Microbial food web structure in the Arabian Sea: a US JGOFS study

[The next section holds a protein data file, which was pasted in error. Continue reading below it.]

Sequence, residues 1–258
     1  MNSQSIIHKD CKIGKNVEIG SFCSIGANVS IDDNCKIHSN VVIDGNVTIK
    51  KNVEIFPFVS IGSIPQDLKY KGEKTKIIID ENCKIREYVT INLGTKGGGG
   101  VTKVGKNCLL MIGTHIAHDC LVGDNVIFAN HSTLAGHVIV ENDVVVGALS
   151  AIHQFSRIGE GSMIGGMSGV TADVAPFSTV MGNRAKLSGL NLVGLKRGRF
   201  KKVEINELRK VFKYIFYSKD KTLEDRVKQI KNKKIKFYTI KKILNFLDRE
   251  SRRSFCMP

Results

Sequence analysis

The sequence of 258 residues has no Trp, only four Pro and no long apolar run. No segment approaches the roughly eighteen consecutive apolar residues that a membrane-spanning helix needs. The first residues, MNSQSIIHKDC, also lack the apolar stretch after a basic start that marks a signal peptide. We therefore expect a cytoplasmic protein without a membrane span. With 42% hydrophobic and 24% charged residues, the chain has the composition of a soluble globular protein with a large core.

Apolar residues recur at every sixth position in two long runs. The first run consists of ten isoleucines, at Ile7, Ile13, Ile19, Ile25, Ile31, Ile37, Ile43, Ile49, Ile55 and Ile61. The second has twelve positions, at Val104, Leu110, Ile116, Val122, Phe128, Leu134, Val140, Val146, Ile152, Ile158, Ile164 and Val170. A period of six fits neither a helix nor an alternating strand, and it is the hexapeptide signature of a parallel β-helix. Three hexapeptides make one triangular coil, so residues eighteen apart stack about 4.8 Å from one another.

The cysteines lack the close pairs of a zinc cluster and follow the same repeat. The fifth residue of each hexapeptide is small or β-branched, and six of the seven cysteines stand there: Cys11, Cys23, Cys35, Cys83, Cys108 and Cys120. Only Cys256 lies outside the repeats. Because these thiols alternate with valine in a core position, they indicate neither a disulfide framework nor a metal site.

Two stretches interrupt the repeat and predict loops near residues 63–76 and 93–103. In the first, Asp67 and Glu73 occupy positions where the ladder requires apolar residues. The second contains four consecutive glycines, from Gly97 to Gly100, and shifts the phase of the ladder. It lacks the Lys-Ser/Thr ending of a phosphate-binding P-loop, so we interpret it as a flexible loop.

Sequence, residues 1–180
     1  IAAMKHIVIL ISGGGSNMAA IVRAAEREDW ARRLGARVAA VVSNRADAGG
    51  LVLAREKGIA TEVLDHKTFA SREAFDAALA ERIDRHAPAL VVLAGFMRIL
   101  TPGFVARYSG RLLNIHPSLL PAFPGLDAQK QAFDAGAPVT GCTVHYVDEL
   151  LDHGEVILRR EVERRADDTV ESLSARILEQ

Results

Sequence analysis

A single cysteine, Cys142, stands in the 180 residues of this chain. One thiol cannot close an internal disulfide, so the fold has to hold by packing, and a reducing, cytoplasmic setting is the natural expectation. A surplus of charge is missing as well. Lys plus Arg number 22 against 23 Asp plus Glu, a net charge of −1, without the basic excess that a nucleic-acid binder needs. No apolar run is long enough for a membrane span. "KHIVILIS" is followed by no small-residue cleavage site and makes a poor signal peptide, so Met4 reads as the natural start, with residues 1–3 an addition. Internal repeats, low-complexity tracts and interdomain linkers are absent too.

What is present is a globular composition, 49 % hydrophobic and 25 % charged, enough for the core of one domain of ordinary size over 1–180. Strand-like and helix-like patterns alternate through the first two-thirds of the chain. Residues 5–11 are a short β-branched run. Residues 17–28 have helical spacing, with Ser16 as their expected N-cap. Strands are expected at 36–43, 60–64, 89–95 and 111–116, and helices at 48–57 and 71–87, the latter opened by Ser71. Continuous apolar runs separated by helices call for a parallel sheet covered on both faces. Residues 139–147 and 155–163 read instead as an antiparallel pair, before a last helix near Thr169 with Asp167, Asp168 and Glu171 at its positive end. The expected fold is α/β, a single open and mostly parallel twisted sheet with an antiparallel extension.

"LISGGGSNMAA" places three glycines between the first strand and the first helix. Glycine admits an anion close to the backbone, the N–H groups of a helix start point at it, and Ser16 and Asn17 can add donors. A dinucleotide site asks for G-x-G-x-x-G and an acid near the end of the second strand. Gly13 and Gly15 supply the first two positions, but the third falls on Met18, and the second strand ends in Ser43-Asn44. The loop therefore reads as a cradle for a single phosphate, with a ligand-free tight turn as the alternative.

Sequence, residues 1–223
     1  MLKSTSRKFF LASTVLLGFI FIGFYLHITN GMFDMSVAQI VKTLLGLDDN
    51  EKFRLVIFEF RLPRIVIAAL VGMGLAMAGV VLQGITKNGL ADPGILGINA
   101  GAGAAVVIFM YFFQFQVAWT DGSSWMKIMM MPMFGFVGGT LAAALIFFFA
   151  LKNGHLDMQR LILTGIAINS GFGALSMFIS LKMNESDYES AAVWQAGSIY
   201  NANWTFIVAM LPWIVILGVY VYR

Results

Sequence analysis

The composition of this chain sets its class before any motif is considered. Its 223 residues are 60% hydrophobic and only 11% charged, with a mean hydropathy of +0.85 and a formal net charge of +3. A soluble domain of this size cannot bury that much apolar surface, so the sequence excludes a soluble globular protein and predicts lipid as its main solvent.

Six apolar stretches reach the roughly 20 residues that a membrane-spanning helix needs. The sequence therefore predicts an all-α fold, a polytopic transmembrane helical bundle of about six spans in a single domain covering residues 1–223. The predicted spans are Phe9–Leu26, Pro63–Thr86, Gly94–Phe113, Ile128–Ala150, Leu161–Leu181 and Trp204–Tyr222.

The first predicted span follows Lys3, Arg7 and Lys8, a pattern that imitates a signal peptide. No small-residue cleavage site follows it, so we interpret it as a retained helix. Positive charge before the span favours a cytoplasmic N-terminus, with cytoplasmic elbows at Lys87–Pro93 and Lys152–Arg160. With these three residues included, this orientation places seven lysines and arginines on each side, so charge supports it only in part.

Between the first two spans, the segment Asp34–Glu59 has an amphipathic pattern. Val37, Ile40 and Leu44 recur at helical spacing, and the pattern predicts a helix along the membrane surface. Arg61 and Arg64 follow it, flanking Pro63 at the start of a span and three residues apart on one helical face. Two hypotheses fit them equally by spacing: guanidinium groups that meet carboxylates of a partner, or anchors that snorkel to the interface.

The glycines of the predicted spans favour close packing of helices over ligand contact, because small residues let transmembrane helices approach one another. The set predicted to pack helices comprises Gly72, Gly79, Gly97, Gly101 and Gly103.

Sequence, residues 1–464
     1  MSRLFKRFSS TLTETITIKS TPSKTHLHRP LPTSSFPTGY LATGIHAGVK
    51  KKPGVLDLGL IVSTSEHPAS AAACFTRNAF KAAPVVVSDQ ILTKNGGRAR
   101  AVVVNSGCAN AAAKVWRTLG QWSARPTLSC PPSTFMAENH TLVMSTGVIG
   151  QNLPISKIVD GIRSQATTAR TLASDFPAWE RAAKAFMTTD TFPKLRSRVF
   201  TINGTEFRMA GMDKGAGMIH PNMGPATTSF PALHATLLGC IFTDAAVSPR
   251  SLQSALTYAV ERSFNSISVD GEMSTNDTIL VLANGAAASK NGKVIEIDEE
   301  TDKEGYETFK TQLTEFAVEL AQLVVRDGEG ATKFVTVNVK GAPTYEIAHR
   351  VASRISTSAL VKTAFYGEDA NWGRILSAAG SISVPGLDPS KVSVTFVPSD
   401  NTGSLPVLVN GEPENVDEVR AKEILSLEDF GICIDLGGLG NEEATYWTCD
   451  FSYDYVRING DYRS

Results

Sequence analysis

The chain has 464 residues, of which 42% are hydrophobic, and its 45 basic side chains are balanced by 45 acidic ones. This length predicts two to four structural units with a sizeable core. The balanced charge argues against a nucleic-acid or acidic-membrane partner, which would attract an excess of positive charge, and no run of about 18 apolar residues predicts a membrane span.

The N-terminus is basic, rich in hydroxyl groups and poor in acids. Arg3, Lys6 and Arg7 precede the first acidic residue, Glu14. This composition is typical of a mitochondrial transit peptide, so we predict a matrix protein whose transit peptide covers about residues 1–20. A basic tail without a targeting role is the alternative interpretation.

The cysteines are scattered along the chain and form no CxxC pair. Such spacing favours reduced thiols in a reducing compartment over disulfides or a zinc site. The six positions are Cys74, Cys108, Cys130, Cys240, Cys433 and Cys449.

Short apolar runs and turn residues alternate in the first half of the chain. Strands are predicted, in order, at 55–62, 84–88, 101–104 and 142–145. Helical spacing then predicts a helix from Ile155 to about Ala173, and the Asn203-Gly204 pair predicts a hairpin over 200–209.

The dynamics of phytoplankton size structure were investigated in the freshwater, transitional and estuarine zones of the York River over an annual cycle. The contribution of large cells (microplankton, >20 mu m) to total concentrations of chlorophyll a increased downstream during winter, whereas that of small cells (nanoplankton, 3-20 mu m; picoplankton, <3 mu>m) increased downstream during summer. In the freshwater region, the contribution of micro phytoplankton to total concentrations of chlorophyll a was significant during warm seasons (spring and summer) but not during colder seasons (winter), whereas the contribution of small-sized cells (especially picoplankton) increased during cold seasons. Temperature, light and high flushing rate appear to control phytoplankton community structure in the freshwater region. In the transitional region, nano-sized cells dominated the phytoplankton population throughout all seasons except during the spring bloom (April) when the chlorophyll a concentration of micro playtoplankton increased. Size structure in the transitional region is most likely regulated by light availability. In the mesohaline region, nano- and pico-sized cells dominated the phytoplankton population during the summer bloom, whereas micro-sized cells dominated during the winter bloom. Factors controlling phytoplankton community Size structure in the mesohaline zone may be riverine nitrogen input, temperature and/or advective transport from up-river. Based on these results, the spatial and seasonal variations in size structure of phytoplankton observed on the estuarine scale may be determined both by the different preferences for nutrients and by different light requirements of micro-, nano- and picoplankton. The results suggest that analyses of phytoplankton size structure are necessary to better understand controls on phytoplankton dynamics and to better manage water quality in river-dominated, estuarine systems.